Professor Robert McCorquodale, Director at BIICL was a special advisor to the Joint Committee on Human Rights and business
The Final report of the inquiry was published today. In its report the committee concluded that
'Legislation and enforcement need to be improved to ensure adequate protection of workers' human rights.' The report, Human Rights and Business 2017: Promoting responsibility and ensuring accountability proposes providing more accessible and effective mechanisms to improve access to justice in cases where human rights may have been breached.
On publishing the report, Chair of JCHR Rt Hon Harriet Harman MP commented: "No one wants to be wearing clothes made by child labour, or slave labour. UK
companies need to have high standards abroad as well as here at home and they must ensure that there are not human rights abuses in their supply chain.
"More can be done by the UK Government to ensure that human rights are respected by UK companies in their operations outside the UK. The Government must toughen up the law with a new legal duty on businesses to respect human rights when they are operating abroad. Victims of human rights abuses must have access to the courts. And the Government should ensure that when it buys on our behalf it doesn't do so from suppliers who are abusing human rights.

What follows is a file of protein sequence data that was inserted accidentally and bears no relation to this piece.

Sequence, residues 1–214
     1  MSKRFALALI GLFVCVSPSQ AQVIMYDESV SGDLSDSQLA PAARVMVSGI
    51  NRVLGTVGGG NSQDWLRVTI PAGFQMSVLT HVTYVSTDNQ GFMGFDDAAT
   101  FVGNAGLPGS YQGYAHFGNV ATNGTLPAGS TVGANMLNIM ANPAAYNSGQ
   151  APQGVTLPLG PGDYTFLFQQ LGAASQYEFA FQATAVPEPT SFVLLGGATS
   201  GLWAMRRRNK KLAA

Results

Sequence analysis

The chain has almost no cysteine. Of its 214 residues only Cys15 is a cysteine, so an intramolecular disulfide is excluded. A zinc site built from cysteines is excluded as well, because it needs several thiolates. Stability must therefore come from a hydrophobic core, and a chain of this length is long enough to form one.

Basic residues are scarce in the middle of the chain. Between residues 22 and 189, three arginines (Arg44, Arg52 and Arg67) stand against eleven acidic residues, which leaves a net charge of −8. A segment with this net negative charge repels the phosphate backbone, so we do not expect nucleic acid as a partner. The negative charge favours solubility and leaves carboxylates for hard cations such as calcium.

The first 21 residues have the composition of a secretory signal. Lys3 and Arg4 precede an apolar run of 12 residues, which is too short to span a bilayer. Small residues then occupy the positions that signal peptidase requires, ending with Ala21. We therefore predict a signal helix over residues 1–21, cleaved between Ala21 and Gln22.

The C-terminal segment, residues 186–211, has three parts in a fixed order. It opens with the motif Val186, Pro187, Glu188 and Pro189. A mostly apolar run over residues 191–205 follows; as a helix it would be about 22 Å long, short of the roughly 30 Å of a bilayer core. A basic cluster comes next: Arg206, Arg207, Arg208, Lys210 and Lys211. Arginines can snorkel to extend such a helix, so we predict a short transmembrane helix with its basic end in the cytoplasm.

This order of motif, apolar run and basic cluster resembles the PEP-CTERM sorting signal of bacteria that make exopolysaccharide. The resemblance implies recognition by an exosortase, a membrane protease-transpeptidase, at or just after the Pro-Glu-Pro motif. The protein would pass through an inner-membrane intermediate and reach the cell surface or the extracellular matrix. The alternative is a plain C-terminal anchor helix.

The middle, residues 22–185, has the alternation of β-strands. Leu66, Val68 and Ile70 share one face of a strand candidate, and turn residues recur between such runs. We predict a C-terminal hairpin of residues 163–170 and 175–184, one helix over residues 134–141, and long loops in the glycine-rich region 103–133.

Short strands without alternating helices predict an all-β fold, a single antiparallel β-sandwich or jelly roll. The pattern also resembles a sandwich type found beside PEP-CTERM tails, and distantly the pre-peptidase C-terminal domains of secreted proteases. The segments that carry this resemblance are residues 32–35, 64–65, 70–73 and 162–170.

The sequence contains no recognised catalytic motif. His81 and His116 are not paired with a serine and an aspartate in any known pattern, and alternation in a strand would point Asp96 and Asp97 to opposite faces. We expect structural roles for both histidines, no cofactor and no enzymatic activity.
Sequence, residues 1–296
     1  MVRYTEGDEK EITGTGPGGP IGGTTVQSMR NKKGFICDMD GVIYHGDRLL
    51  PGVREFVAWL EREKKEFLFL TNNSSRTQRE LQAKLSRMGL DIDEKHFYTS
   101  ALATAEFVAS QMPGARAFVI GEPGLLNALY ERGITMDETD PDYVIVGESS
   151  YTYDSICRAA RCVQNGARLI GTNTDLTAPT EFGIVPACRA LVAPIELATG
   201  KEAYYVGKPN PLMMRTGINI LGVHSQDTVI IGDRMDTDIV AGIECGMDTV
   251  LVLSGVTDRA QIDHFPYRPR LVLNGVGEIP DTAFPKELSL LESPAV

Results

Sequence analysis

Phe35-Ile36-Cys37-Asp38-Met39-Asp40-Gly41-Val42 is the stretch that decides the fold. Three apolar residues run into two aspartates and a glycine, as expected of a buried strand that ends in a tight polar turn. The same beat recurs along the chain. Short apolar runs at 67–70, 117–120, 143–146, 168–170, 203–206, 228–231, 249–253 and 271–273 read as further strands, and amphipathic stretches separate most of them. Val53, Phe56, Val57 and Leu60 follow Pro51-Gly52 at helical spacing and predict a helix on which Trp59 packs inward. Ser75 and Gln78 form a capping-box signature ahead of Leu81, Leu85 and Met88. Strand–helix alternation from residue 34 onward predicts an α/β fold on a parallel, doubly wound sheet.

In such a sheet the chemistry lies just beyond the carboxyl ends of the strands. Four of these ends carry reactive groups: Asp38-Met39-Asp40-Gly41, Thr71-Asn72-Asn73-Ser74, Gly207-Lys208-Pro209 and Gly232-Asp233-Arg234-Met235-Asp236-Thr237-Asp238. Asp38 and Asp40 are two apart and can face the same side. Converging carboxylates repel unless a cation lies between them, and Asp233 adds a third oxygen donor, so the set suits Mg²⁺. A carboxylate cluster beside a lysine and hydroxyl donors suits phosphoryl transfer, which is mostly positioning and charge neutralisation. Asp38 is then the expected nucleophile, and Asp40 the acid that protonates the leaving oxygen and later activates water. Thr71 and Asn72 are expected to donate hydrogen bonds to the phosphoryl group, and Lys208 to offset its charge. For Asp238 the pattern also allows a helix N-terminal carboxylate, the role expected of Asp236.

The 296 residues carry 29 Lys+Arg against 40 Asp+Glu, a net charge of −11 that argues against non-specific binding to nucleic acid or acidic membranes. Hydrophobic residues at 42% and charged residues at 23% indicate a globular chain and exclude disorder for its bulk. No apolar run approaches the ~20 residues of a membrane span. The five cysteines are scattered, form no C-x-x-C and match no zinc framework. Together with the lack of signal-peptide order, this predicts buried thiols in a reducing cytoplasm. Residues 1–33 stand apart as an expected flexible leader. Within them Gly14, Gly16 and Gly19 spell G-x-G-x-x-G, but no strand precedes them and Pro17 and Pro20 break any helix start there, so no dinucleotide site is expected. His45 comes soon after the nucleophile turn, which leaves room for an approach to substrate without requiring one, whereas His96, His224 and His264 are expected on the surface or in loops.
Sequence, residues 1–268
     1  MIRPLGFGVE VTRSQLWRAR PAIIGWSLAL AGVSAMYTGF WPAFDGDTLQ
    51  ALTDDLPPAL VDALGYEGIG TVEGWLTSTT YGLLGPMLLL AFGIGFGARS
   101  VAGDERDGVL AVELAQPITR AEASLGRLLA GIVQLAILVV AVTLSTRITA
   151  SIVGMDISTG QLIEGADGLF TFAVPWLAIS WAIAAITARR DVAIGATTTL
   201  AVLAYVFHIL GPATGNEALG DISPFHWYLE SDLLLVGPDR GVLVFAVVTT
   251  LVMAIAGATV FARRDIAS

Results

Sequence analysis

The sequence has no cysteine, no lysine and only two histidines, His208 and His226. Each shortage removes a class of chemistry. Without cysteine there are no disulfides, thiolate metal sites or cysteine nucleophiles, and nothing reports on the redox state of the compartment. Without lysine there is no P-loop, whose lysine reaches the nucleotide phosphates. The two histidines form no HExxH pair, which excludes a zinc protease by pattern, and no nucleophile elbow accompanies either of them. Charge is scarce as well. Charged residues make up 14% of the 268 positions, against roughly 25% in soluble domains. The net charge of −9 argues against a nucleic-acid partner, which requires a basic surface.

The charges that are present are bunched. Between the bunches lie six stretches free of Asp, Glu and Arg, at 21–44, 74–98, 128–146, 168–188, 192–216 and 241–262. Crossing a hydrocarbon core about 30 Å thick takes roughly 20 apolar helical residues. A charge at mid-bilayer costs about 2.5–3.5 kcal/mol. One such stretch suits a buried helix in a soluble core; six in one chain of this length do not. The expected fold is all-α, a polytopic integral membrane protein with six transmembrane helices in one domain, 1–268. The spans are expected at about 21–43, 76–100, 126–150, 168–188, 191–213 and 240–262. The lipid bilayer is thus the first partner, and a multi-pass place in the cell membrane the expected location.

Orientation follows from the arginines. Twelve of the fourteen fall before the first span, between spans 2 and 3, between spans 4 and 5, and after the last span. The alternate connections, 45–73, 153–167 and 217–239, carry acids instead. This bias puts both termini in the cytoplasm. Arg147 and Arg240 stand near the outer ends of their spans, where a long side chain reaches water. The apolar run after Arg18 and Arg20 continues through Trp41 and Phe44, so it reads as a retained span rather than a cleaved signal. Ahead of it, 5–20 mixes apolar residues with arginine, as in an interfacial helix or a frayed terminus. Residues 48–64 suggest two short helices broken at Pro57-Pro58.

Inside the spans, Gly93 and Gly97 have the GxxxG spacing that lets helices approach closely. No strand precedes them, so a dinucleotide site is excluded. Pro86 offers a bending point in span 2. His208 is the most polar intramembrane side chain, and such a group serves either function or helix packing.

"Over the course of this inquiry we were pleased to hear of the growing importance of human rights issues to businesses, consumers and government. Indeed, developments such as the Gangmasters Licensing Authority and Modern Slavery Act have caused real improvements. Yet, all too often, cases were brought to our attention where people were making the products we use every day in conditions that are simply not acceptable. In the UK, this can mean pay below the minimum wage and dangerous working conditions; in other countries it can mean virtual slavery and long-term damage to the natural environment.
"The UK must build on work already done and create human rights protections that demand high standards of businesses. Businesses must be required by law to demonstrate how they are ensuring human rights are respected in their operations - if they do not then public bodies must exclude them from procurement opportunities.